Leslie Southwick, a federal judge with the U.S. Court of Appeals for the Fifth Circuit, will be guest speaker at Mississippi State Friday for an 11 a.m. public event that coincides with Constitution Day. The event in 100 McCool Hall is coordinated by the Department of Political Science.
Born in Texas, Southwick was educated at Rice University and the University of Texas School of Law. Following a 1975-76 clerkship with the Texas Supreme Court, he became a clerk for Judge Charles Clark of Jackson, Miss., then also a justice with the Fifth Circuit.
After practicing as a private attorney, he became Deputy Assistant Attorney General for the United States Department of Justice Civil Division, leading a team of 125 attorneys defending suits brought against the United States.
In 1994, Southwick was elected one of the first 10 judges of the Mississippi Court of Appeals. He took a leave of absence when he was nominated for a lifetime position in the federal judiciary, and in 2005 served as judge advocate general for the 155th Brigade Combat Team of the Mississippi Army National Guard in Iraq.
In 2007, Southwick was nominated by then President George W. Bush to fill a seat on the Fifth Circuit. He was confirmed in October 2007.
Celebrated each year nationwide, Constitution Day marks the signing of the U.S. Constitution by the founding fathers on Sept. 17, 1787.
For more information, telephone Whit Waide at 662-325-7860.
Student group to demonstrate
Young Americans for Liberty (YAL), a student activist group at Mississippi
State University, will demonstrate on the Drill Field from 9 a.m. to 3 p.m. today — Constitution Day to warn students about the dangers of refusing to follow the U.S. Constitution.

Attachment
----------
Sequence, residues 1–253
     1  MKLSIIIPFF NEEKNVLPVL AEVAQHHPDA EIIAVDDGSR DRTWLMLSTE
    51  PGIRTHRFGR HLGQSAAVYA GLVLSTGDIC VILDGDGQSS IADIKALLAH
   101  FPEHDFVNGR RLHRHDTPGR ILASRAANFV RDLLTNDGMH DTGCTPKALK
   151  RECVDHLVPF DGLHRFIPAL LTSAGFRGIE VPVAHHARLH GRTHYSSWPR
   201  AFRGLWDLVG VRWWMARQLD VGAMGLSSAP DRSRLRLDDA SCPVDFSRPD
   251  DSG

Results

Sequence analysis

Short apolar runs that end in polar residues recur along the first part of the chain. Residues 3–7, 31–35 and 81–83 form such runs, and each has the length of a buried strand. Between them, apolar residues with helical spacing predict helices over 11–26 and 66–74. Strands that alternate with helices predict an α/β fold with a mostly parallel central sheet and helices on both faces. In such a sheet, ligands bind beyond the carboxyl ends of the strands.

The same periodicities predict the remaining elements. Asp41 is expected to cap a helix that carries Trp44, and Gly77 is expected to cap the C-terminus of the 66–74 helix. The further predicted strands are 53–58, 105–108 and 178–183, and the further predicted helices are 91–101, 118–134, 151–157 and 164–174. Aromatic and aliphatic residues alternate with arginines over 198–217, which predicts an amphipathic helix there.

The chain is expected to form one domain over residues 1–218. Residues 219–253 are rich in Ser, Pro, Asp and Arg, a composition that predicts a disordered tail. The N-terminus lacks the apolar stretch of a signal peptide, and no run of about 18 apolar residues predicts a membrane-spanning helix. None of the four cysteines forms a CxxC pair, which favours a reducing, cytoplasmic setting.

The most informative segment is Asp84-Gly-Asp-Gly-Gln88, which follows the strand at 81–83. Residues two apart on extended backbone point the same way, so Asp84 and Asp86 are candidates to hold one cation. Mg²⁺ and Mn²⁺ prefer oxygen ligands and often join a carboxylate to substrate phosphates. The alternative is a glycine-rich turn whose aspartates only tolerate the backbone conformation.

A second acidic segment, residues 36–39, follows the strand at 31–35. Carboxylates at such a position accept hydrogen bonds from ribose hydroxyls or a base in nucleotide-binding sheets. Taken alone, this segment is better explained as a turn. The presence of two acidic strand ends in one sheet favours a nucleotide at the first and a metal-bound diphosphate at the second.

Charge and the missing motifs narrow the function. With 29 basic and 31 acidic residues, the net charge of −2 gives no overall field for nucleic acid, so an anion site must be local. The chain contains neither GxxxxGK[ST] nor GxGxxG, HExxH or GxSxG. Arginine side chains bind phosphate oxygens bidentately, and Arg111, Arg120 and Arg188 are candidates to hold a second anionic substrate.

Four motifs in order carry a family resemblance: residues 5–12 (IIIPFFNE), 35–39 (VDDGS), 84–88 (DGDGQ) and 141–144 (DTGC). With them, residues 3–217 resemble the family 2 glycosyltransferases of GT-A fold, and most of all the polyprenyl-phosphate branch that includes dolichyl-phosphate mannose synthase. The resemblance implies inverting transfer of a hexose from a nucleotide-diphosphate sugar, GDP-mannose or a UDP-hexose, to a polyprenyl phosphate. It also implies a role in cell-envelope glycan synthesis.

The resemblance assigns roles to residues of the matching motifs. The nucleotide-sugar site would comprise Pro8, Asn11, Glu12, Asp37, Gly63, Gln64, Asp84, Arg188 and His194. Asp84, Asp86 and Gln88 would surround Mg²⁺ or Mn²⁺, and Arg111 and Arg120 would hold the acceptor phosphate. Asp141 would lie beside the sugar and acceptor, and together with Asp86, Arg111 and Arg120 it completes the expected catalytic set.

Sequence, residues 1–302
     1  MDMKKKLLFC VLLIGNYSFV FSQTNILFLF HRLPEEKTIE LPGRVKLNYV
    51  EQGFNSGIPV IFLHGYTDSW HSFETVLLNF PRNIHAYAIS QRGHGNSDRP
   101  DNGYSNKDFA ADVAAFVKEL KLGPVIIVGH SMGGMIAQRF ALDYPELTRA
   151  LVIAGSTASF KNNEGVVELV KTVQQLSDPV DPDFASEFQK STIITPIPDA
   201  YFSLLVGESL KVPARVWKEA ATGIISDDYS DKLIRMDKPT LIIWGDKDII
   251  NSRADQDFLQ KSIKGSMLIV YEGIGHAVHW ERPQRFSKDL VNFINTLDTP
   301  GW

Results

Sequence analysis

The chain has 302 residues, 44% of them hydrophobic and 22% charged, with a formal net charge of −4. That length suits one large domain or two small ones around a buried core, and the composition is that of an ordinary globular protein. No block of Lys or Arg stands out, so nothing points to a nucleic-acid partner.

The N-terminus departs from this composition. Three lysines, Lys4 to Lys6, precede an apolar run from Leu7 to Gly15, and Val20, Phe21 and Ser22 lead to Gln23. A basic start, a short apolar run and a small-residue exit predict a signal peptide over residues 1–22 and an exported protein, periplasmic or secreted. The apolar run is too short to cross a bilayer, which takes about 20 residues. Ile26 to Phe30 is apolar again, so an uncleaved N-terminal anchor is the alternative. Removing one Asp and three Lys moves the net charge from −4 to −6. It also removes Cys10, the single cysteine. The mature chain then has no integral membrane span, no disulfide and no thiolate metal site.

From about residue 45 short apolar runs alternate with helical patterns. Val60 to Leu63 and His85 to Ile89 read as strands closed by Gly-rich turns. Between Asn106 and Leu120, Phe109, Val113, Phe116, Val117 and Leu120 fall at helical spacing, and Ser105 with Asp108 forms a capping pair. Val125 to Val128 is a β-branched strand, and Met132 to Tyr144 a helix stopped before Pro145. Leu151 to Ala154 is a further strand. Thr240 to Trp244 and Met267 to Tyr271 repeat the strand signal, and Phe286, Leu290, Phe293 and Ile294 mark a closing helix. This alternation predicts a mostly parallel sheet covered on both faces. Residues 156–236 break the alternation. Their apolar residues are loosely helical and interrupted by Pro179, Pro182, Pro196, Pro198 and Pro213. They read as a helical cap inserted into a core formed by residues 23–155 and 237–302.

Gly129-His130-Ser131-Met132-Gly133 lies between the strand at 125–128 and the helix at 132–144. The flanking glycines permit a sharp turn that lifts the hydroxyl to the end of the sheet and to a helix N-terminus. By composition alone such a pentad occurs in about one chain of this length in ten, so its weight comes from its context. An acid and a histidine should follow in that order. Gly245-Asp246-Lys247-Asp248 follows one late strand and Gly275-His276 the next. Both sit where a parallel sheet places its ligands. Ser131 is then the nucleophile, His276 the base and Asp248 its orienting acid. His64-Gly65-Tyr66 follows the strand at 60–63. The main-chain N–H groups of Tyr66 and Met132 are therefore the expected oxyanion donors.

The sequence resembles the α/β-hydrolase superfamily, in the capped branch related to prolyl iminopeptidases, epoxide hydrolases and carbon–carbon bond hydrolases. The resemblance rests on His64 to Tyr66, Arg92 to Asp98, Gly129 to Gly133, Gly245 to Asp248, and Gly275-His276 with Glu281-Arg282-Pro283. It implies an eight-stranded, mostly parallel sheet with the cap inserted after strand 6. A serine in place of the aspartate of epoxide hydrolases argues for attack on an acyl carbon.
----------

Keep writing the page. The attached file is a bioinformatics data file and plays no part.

Members of the Young Americans for Liberty chapter will display posters that warn against the country not adhering to the Constitution as well as have fun quizzes with great prizes.
Alongside their display, chapter members will hand-out free pocket Constitutions and talk to their classmates in an effort to educate and attract new recruits.
“Our elected leaders have trashed the very document they swore to uphold,” said YAL Mississippi Chair Cuylor Reeves. “As a result, our country is bankrupt, and my generation will have to pay for it. It’s unacceptable.”
“Students need to know their rights and know how to advocate for limited government and individual liberty,” Reeves went on to say.
Reeves expects his YAL chapter to double in size at their Constitution Day event and draw attention from the campus Left. “I have no doubt the campus progressives will try to attack us,” said Reeves. “Their ideology is divisive and advocates for strong centralized government. This is directly contrary to the American system our Founding Fathers established.”
Young Americans for Liberty at Mississippi State University is part of a national network of more than 150 active YAL chapters.
YAL seeks to recruit, train, educate, and mobilize students on the ideals of individual liberty and the U.S. Constitution.
For more information or an interview, please contact Cuylor Reeves at MS@yalsouth.org  or call (601) 479-1612.